Words & language
Working with Words: Corey Wakeling
Corey Wakeling is an Australian poet and academic based in Japan. His second full-length work of poetry, The Alarming Conservatory, is out in February. He spoke with us about Eileen Myles, grease traps, alternative realities and weeping for Wolverine.
What do the Oscar Wilde, Snoop Dogg, BuzzFeed writers and your grandpa have in common? The love of puns!
Last year’s Pundemonium was tense, but now that’s past … ahem … it’s time to present another. This time, we invite six of our punniest friends to The Toff in Town to unleash their most gasp-inducing, groan-generating and perhaps even mind-altering feats…
A Celebration of John Clarke
On Sunday 2 July, crowds filled the Melbourne Town Hall to pay tribute – and share in the humour of – the late satirist John Clarke. Here, we're sharing photos and a full audio recording of the event, as well as a rundown of the evening's programme.
More Than Words: Translation and Interpretation
Gregory Rabassa, revered translator of Gabriel García Márquez, wrote that ‘every act of communication is an act of translation.’ Even when speaking the same tongue, we so often get our wires crossed. It’s not just words but gestures, tone, cultural context and, of course, silence that convey meaning – intentionally or otherwise. Translation between languages is at once fraught (Umberto Eco called…
Strange Here: George Saunders
'If we were going to try to write a novel about right now, what’s the equivalent of a god’s-eye-view of right now? I think it’s … every thought going on right now, presented simultaneously.'
American writer George Saunders is one of the world’s most surreal – and most empathic – eyewitnesses to modern life. But quixotic? Not so much. In his writing…
The Wheeler Centre
Hisham Matar with Hilary Harper
‘One day justice will be done and the jailer will replace the jailed.’ Hisham Matar’s father wrote these words in a smuggled letter to his family in 1992, while imprisoned in one of Muammar el-Qaddafi’s notorious jails in Tripoli.
Jaballa Matar was a political dissident, kidnapped in 1990 by the dictator’s agents, and jailed. For years he wrote occasional letters to his family – but then the letters stopped. In the decades since, his London-based son, a writer, has worked to find out what happened to his father; to learn if he is dead or alive.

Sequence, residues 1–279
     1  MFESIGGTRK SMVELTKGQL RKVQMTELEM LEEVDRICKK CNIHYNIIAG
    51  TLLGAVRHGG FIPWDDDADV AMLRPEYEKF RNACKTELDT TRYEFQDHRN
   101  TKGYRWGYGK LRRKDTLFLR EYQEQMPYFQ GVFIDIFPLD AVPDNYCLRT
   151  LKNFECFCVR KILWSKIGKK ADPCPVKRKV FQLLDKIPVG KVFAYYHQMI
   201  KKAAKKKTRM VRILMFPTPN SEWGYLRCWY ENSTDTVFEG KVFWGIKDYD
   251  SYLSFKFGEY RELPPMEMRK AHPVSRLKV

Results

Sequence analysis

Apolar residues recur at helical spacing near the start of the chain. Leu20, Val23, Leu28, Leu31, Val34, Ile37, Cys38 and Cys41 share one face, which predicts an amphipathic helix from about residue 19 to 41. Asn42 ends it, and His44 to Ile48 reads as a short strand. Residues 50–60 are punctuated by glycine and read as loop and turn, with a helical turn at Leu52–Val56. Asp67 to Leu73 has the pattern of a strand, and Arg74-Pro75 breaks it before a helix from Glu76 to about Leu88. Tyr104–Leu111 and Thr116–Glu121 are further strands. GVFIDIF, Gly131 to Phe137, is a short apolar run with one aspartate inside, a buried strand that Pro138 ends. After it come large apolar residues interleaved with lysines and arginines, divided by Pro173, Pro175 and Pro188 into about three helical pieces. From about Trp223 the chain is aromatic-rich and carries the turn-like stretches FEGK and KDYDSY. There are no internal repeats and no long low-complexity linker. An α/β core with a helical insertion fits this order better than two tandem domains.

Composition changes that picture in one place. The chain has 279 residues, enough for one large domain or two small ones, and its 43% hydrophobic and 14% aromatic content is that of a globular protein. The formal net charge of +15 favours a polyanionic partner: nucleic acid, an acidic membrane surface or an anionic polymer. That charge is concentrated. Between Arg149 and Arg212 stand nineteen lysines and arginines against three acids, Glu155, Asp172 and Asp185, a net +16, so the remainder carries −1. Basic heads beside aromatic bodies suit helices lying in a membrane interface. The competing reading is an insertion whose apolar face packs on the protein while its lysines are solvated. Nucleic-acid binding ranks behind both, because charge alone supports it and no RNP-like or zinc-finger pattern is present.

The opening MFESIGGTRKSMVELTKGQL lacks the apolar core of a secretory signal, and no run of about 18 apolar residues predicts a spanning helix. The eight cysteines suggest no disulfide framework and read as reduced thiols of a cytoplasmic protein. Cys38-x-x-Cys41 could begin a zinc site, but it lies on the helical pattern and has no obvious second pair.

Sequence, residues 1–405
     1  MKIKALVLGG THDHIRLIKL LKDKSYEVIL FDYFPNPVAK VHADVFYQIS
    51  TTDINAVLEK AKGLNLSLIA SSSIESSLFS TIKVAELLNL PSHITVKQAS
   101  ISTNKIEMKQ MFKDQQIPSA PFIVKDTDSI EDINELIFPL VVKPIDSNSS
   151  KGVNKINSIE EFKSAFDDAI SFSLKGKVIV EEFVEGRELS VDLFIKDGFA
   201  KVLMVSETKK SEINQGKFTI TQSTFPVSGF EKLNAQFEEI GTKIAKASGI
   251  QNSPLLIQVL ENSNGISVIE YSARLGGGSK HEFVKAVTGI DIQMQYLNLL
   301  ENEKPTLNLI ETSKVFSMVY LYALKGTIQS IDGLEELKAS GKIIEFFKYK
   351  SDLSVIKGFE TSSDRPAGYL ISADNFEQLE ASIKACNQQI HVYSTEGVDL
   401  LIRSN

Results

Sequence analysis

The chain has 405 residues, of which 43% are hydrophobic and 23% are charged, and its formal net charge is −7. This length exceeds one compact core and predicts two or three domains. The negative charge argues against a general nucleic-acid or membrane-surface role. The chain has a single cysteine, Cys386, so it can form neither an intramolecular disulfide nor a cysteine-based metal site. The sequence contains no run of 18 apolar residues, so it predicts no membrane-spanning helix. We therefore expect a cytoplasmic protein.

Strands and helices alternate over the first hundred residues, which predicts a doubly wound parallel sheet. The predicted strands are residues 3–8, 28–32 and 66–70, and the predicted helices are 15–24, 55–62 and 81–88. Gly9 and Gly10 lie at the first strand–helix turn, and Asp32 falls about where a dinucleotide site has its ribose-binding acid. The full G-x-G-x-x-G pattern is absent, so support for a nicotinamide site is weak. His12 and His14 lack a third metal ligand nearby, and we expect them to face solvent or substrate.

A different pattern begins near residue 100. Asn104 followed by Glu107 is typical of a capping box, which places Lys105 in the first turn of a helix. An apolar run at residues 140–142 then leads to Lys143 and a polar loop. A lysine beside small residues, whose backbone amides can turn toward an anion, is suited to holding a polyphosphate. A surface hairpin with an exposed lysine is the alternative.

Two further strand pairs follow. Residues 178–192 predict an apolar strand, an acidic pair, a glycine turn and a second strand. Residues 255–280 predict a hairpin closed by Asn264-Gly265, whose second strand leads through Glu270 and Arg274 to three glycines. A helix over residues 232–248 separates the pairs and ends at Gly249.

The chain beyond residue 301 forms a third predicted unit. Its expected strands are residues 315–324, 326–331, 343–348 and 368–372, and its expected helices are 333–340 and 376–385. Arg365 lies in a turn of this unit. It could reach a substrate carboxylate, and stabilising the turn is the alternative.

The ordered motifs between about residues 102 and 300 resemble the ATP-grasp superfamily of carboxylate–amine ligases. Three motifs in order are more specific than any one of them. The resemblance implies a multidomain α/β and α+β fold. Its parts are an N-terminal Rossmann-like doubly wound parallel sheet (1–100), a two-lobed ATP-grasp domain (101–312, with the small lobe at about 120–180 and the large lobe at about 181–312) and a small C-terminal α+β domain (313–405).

Matar’s latest book, The Return, describes this hideous quest with exquisite skill and sorrow. In April, it won a Pulitzer Prize. His previous books, the Booker-shortlisted novel In the Country of Men and Anatomy of a Disappearance, dealt with similar themes, winning praise from the likes of J.M. Coetzee.
‘You make a man disappear to silence him but also to narrow the minds of those left behind, to pervert their soul and limit their imagination,’ Matar writes in The Return. It’s a story of exile, absence and appalling suspense told with rare gentleness and restraint.
In this episode of the Wheeler Centre podcast, this extraordinary writer makes his second visit to the Wheeler Centre to discuss his life, career and the art of recollection with Hilary Harper.
Anything and everything in Words & language from across our archives.
The Interrobang: A Festival of Questions
Why are so many people intimidated by poetry, but love song lyrics? Alan Brough
Refudiate Word of the Year
Sarah Palin’s linguistic skills have been given the highest honour as the New Oxford American Dictionary has picked her made-up refudiate as the 2010 Word of the Year.
Palin first used the word when she was tweeting about a mosque being built at Ground Zero. Pushing the 140 character count and the bounds of the sensibility, Palin tweeted “Ground Zero Mosque supporters: doesn’t it…
No Magic to This Spell
The Emerging Writers’ Festival ended last night with a spelling bee. It was won by Mel Campbell, who correctly spelled the word bildungsroman (a coming-of-age novel, the most famous example of which is probably LP Hartley’s The Go-Between).
Coincidentally, in the US, the Scripps National Spelling Bee was held this weekend. The competition was won by 14 year-old Sukanya Roy, who lives near…
Two New Books on Arabic’s Decorative Beauties
Detail of a photograph from the book Arabic Graffiti
The decorative potential of Arabic script is famous - the exteriors of the entrances of the Taj Mahal, for example, are decorated with Koranic inscriptions that run in both directions at once. But modern artists are making the most of the beauties of the script too. Arabic Graffiti is a new book that highlights the…
Dictionary Creator Gets Modern Rhymes
Dr Samuel Johnson has been an active Twitterer for some time but recently he has published a new dictionary based on our modern world.
Of course, it’s a fake but as an extract from the Quietus shows, author phoney-Johnston Tom Morton has captured much of Dr Johnson’s humour especially when defining hip-hop right down to the characteristic spelling. Here’s the basic definition: “Hip-Hop is…
A Usage That is So, Like, Old
Over at the ever-informative OUP blog, Anatoly Liberman is wrestling with what he calls a “ubiquitous modern parasite”: the word “like”. He chronicles the rise of the word as though it were a virus mutating to defy definition. Liberman believes “like freed itself from the verb to be and became an independent filler” with very little meaning.
And far from belonging to 21st century…
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